Suppression of Free Press and Journalists

 

The crackdown is not limited to think tanks; it extends to journalists and media organizations. In September 2022, Indian authorities raided the homes of several journalists and commentators associated with NewsClick, an independent, progressive news website. This action was carried out under the Unlawful Activities (Prevention) Act, ostensibly targeting “terrorist organizations,” but criticized for stifling press freedom. Laptops and phones were confiscated, and a new case “related to terror links” was registered against NewsClick.

 

Many journalists and media outlets have faced allegations of receiving illegal funding from foreign entities, further compromising their ability to operate independently.

 

The Role of Foreign Funding and FCRA

 

Many think tanks in India rely on foreign funding to sustain their research and operations. The Foreign Contribution Regulation Act (FCRA) regulates the receipt and use of foreign funding by non-profits in India. However, successive governments have faced accusations of misusing this law to exert pressure on civil society organizations.

 

Data indicates a rise in FCRA suspensions over the past decade, with as many as 1,811 organizations having their certificates canceled between 2019 and 2021. These include international NGOs like Oxfam, Greenpeace, and Amnesty International, as well as Indian civil rights organizations like Lawyers Collective, Sabrang Trust, and Anhad.

 

Aakar Patel, Chairman of the board of Amnesty International in India, contends that the Modi government is weaponizing the FCRA to suppress non-profits and civil society organizations, thereby stifling dissent and opposition voices.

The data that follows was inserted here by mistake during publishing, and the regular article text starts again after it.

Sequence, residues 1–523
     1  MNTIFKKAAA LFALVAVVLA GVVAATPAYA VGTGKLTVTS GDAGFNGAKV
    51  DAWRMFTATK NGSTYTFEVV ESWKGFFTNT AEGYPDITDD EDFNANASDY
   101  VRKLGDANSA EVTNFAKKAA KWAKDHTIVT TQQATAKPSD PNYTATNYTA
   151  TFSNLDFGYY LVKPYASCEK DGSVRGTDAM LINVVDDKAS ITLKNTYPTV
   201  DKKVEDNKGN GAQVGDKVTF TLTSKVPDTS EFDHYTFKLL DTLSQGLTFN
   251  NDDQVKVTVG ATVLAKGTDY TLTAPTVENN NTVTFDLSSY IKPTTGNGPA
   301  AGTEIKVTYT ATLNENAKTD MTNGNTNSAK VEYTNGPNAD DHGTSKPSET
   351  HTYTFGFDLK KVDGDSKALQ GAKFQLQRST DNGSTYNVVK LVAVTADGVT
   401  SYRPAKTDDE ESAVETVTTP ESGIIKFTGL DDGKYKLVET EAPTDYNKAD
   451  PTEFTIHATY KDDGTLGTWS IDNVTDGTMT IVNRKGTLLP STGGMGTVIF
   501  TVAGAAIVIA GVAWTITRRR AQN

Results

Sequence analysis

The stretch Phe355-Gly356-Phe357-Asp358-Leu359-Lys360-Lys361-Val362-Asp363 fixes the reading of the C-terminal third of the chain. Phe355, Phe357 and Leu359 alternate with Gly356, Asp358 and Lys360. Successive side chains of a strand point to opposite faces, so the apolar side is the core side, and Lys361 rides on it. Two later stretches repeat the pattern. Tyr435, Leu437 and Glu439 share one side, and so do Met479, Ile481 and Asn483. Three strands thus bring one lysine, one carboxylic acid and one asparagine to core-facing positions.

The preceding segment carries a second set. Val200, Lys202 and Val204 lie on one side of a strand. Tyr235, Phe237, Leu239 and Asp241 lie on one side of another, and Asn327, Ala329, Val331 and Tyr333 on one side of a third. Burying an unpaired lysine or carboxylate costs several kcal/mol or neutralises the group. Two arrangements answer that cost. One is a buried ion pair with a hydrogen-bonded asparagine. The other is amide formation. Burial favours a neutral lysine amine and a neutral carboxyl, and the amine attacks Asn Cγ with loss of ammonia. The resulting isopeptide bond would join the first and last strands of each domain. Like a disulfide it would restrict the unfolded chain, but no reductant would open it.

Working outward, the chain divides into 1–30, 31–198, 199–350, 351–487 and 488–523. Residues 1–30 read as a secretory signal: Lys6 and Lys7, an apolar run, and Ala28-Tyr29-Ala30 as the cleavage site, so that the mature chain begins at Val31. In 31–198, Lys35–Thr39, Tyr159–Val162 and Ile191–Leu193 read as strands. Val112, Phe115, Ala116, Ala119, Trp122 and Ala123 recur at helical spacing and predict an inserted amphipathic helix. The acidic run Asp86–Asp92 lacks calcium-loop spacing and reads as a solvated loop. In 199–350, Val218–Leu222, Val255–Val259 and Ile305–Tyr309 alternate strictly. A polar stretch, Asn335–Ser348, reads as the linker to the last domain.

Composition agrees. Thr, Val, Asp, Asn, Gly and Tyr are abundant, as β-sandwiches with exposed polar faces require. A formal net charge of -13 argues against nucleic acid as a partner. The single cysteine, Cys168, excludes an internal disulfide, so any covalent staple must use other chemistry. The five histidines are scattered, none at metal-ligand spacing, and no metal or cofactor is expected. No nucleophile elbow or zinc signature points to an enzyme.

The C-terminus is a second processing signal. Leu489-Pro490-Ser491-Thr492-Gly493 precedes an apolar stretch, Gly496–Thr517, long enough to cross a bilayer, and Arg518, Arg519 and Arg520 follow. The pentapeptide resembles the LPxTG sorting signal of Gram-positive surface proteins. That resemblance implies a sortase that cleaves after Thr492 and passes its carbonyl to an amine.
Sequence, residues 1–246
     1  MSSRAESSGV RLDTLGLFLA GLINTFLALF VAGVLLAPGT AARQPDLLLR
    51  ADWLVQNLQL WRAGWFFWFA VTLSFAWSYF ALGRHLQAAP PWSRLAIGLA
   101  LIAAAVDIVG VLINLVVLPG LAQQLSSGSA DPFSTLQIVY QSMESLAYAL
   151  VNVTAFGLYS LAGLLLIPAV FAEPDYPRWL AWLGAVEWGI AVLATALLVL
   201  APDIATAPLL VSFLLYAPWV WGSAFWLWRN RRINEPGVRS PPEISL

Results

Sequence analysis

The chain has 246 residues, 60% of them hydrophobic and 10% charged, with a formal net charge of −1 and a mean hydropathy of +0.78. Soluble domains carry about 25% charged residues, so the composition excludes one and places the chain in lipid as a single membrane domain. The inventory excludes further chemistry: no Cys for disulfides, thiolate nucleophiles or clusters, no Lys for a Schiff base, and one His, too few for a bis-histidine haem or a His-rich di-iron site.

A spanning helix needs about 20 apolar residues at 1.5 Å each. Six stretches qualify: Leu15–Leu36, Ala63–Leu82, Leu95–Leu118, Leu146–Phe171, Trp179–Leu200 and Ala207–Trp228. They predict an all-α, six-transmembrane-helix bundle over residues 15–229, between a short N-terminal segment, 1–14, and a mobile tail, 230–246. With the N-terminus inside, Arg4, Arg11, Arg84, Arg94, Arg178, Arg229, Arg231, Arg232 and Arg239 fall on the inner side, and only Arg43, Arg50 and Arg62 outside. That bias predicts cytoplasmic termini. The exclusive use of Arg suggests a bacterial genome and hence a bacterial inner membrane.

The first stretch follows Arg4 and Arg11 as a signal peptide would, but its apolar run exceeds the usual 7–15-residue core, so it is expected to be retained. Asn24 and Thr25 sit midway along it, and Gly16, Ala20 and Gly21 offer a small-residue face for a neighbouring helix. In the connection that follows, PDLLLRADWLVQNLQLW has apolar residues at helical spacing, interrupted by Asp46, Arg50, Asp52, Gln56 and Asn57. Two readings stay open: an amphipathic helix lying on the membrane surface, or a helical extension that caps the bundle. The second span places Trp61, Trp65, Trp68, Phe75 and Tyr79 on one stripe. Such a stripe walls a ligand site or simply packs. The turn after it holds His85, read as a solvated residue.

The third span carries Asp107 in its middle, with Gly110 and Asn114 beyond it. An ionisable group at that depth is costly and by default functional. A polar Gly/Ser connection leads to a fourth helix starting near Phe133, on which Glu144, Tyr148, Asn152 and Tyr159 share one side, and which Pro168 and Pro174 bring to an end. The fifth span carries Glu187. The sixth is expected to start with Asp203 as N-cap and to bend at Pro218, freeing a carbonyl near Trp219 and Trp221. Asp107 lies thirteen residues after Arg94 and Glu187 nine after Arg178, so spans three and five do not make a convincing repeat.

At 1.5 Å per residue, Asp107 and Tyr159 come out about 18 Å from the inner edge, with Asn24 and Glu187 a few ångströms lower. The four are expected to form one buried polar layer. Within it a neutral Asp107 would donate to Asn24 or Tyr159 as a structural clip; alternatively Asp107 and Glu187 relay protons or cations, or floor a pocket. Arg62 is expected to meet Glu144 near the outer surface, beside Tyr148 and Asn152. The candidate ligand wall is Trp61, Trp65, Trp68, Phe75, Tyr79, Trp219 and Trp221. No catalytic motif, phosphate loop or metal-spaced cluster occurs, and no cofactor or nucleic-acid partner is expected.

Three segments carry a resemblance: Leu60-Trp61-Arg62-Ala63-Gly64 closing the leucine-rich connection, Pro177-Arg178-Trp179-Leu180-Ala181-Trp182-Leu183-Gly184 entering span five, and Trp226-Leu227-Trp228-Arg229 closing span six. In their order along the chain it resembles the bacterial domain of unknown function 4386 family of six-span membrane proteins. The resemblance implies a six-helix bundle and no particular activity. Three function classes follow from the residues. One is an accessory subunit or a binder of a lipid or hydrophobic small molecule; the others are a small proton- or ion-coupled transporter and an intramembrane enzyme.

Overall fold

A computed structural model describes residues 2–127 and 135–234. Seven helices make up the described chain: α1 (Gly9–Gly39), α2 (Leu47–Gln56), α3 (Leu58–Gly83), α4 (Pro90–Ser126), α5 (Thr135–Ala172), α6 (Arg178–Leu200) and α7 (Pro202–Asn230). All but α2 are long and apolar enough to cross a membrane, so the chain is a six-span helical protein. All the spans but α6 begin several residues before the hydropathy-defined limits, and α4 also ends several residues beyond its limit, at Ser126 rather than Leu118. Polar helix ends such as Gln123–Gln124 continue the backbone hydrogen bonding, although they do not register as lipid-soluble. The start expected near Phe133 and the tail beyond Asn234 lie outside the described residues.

Affiliation with Far-Right Organizations

 

Another concerning aspect of this situation is the affiliation of some think tanks with far-right, Hindu nationalist organizations. For instance, the Vivekananda International Foundation (VIF) has ties to the Rashtriya Swayamsevak Sangh (RSS), a prominent Hindu nationalist group. Prime Minister Modi himself is a member of both the RSS and the Bharatiya Janata Party (BJP).

 

The VIF, whose founding director was Ajit Doval, Modi’s national security advisor, and the India Foundation, founded by Shaurya Doval, Doval’s son, and RSS leader Ram Madhav, have close ties to the RSS. While these think tanks claim independence, their alignment with the ruling government’s ideology raises questions about their objectivity.

 

Conclusion:

 

The suppression of independent think tanks, journalists, and civil society organizations in India is a matter of grave concern. It threatens the vibrant democratic traditions and diversity of thought that India has long cherished. The impact extends beyond borders, affecting international NGOs and drawing attention to the broader issue of government overreach and suppression of dissent.

 

As India grapples with these challenges, it raises important questions about the future of intellectual freedom, democracy, and the role of independent voices in shaping the nation’s trajectory. The ongoing battle for the preservation of think tanks as platforms for diverse perspectives underscores the importance of defending freedom of thought and expression in any democratic society.

NEWS DESK
NEWS DESKhttp://thinktank.pk
News Desk, where most of the News Item edit for THE THINK TANK JOURNAL editor@thinktank.pk

Latest stories

Publication:

spot_img

LEAVE A REPLY

Please enter your comment!
Please enter your name here